The last few years haven’t exactly been smooth sailing for Chris-Craft, the boat-building company founded more than a century ago and long revered for its quality and craftmanship. In 2000, its parent company, Outboard Marine Corporation, filed for bankruptcy. The following year, private-equity group Stellican bought Chris-Craft and hired CFO Mark Poncin to help grow it to its previous glory.
“When I first got here we had 10 employees,” Poncin says. “We started from nothing. We had no workers in the factory, and no human resources systems or accounting systems. We had ideas for what our boats were going to look like and a business plan, and that’s it. My role was to build an organization, and we did.”
Chris-Craft met with success, growing to nearly 500 employees. Then the recession hit. Revenue plummeted 80 percent, and the company dropped to about 25 employees. It was also forced to repay a chunk of money to the state of North Carolina, which had given the boat-builder the funding as an incentive to create new jobs.
“We had to start again,” Poncin says. “And this time I took everything I learned [after the bankruptcy] and I said ‘okay, not too often in life do you get a chance to do it twice, but we can do it better.’”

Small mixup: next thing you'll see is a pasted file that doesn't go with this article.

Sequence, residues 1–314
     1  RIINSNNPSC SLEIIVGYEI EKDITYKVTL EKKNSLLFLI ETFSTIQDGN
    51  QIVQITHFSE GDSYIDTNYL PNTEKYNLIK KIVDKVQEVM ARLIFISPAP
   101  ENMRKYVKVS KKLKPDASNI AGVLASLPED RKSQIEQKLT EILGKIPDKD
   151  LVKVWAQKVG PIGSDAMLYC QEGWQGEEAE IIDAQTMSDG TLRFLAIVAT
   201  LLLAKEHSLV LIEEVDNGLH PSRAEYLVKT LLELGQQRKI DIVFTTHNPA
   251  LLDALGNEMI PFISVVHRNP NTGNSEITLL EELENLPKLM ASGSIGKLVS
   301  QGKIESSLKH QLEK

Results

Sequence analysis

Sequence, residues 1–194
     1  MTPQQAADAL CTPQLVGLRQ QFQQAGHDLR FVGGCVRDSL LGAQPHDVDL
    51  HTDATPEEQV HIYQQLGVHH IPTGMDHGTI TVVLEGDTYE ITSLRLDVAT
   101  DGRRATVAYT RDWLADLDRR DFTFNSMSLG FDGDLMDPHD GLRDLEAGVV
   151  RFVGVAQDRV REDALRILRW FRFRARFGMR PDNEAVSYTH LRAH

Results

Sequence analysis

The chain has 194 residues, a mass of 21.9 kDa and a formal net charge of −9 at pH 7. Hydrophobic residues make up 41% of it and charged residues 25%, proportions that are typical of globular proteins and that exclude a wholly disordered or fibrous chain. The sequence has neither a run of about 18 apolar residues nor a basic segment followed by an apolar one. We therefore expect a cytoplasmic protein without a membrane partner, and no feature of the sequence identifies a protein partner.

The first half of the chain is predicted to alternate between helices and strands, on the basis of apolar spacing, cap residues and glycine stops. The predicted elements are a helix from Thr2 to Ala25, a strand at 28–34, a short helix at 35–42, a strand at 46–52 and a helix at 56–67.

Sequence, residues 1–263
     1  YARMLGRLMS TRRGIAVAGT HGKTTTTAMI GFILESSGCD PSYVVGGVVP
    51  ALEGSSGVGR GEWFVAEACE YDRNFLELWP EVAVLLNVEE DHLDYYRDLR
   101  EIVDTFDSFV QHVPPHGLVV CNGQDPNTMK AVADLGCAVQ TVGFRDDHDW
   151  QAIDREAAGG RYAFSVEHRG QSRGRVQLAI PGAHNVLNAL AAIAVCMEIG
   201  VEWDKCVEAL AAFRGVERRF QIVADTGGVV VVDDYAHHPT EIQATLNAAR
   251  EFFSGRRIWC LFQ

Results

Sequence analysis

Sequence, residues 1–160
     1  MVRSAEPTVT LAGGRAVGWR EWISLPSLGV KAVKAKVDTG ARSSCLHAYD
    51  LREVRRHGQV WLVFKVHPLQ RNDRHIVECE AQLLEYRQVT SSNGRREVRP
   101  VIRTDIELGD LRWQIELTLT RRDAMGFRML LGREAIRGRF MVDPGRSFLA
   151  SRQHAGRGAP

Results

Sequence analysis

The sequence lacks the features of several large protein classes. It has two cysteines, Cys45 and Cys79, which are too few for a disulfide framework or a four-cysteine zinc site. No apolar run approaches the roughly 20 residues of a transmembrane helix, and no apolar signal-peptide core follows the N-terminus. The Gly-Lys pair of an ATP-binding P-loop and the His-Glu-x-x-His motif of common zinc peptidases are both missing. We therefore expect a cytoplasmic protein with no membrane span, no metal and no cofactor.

Chris-Craft had some help in that task. Its regional bank, Regions Bank, worked with the company to change the terms of its loan package, and the boat-builder’s remaining employees worked extra hours to keep the company from shutting down. CFO recently spoke with Poncin about how the company navigated the recession — and how it is looking to grow going forward.
How is the company doing, post-recession?
Chris-Craft isn’t the company it used to be. The recession just about wiped us off the map. When we hit bottom, we started building from there. We were very fortunate that our bank cooperated with us. We’d been up front and honest with them from the beginning. They restructured our loan package so we wouldn’t go into default. We held onto a core group of employees, and we brought back many of the same people. But we hired very slowly, because we wanted to make sure that anybody we brought on board knew they had job security. Since we hired slowly, sometimes when people ordered boats in the spring, we told them they couldn’t have them until August or September. Orders got canceled. But we didn’t ever want to get into a situation where people were worried about getting laid off. Today we only have about 180 employees, but we have two-thirds of the revenue that we used to have. We do a lot more with fewer people.